Charlotte Rae was almost cast as a rare lady sheriff in a TV Western
It took a nickel bet to land the role of Mrs. Garrett instead!
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Before Charlotte Rae joined the cast of Diff'rent Strokes, her options at CBS had pretty much dried up. The network loved the actress and didn't want to lose her, but so far, they hadn't offered her the kind of character that Rae said she was looking for. Instead, they wanted to have the actress cast as a rare lady sheriff in a TV Western that was never made. For TV fans used to Rae as Mrs. Garrett, this would've not only significantly altered an entire TV sitcom universe, but the world of TV Westerns as well, where the role of sheriff has always been a male-dominated tradition.
So what happened? How did Charlotte Rae dodge the Western bullet to instead hit a bullseye as a sitcom star?
Well, to start, there was nothing typical about Charlotte Rae's audition for the role of Mrs. Garrett on Diff'rent Strokes in the mid-'70s. In an interview with the Archive of American Television, the actress says she was invited to try out, and when she showed up to read, they never handed her a script or asked her to say a single line. Instead, they just had a cryptic question: "What do you think the housekeeper of the Drummond household should be like?"
Rae had never had an audition like that before, but she knew enough about the other sitcom characters to answer honestly off the cuff, at last offering this response, "I said well, there are three children without a mother, so I guess they need a little mothering.” She went on to say the housekeeper had to hold the kids to rules because, "You can’t just melt and just love them to death." That was all she had to do, and then they sent her off, saying they'd send along a script if they wanted to talk more.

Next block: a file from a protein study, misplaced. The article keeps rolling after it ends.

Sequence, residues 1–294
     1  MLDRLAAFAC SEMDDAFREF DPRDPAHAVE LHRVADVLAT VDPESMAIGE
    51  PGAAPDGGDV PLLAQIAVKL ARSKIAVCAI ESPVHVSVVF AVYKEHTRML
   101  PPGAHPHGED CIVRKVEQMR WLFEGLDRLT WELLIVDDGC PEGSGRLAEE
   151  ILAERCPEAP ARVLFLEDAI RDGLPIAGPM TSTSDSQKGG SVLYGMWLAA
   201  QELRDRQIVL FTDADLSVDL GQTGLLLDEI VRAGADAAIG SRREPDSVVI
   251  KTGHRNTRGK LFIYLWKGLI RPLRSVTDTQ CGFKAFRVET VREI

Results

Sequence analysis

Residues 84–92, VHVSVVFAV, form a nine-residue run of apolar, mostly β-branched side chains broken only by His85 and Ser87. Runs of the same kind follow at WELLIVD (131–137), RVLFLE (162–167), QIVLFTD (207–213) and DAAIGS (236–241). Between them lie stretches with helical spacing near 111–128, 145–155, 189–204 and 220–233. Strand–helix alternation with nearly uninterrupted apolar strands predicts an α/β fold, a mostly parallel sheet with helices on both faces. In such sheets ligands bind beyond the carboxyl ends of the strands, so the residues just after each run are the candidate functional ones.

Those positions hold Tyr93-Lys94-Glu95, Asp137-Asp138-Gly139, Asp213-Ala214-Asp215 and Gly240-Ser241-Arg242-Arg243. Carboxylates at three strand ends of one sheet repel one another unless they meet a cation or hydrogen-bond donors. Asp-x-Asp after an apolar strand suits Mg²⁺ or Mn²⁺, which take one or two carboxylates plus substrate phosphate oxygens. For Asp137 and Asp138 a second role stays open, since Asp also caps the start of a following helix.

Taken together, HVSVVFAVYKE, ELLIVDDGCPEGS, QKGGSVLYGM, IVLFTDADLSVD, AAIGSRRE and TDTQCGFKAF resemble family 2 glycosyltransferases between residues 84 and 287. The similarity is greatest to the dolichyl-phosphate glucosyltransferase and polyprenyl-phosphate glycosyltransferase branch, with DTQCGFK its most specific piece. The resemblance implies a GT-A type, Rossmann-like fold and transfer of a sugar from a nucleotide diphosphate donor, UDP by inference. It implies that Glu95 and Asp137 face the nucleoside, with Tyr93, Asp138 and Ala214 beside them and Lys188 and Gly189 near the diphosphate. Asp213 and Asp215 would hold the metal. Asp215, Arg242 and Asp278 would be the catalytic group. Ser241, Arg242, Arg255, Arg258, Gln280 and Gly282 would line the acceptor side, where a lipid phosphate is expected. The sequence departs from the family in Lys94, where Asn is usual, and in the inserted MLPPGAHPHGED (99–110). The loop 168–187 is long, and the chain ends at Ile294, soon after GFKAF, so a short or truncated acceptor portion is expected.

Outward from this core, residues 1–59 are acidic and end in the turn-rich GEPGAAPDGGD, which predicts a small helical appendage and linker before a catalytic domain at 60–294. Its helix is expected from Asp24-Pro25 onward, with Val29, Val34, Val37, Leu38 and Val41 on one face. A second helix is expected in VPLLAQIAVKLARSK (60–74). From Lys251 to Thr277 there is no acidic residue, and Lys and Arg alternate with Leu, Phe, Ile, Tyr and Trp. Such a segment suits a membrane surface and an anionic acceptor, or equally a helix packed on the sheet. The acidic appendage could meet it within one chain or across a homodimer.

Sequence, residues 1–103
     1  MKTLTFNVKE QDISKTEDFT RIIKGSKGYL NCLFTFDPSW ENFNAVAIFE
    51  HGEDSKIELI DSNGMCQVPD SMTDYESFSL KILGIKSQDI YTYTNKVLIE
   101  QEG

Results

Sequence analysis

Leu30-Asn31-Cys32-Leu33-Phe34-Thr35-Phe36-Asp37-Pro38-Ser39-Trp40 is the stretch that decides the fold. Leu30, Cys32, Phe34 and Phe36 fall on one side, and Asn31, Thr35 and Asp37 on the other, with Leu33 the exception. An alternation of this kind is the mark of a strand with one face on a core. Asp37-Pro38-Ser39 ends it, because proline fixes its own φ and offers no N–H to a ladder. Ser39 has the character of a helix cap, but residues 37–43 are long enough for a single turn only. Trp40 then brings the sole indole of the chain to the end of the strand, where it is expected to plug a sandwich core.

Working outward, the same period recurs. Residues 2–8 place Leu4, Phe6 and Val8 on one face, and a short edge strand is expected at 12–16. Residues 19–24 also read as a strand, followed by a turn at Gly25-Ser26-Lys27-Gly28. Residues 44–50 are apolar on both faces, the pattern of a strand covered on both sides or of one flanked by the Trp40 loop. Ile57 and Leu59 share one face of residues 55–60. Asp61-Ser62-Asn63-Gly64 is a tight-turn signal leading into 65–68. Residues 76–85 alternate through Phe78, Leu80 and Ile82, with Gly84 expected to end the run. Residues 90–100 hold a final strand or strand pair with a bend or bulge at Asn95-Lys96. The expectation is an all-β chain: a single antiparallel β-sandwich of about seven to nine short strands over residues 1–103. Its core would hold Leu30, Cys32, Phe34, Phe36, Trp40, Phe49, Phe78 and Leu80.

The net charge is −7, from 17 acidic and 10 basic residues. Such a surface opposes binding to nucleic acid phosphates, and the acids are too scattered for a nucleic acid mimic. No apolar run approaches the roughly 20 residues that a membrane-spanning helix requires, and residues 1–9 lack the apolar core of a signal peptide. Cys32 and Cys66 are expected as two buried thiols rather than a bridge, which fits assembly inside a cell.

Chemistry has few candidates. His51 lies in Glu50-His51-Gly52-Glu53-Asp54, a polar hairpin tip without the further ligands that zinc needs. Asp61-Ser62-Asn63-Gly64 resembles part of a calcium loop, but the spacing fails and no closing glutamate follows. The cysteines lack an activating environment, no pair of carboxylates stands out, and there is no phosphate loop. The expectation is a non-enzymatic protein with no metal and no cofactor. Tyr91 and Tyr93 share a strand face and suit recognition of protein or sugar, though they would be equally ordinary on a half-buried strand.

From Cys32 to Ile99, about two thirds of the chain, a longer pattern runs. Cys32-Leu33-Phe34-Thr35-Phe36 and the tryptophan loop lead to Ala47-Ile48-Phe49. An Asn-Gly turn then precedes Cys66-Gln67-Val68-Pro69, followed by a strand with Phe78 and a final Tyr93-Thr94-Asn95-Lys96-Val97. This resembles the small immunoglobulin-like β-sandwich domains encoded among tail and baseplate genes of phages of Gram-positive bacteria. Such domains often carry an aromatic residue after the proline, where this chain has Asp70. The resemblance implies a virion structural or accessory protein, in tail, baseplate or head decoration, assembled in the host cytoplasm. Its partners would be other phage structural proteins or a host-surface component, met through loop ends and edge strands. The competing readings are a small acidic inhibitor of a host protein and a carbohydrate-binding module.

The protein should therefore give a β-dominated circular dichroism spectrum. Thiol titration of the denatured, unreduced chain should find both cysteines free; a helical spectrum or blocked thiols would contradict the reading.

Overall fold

That script never came. Instead, Rae got a call from Diff'rent Strokes casting director Jane Murray. Murray offered her the part, and Rae said it was exactly what she'd been hoping for. She was over the moon, but then she remembered something that could throw a wrench in her plans to join the sitcom. She was still contracted to CBS, and Diff'rent Strokes would air on NBC. She needed to get out of her contract, but she didn't know how she possibly could. Desperate, she reached out to someone she said was always accessible back in the day, TV writer and producer Norman Lear.
Lear listened to Rae's predicament and told her not to worry, that CBS owed him a favor or two. He bet her a nickel he could get her out of her contract. And as fate would have it, Lear won that bet, and Rae moved over to NBC, filling the shoes of the Drummond housekeeper Mrs. Edna Garrett perfectly, and then ultimately carrying the character over to a full series of her own, The Facts of Life. We'd bet a nickel if Rae could do it all again, she'd pick the same path. Of her role as Mrs. Garrett, she said in the interview with a burst of emotion, "What a wonderful part. I love that woman. She was such a nice lady.”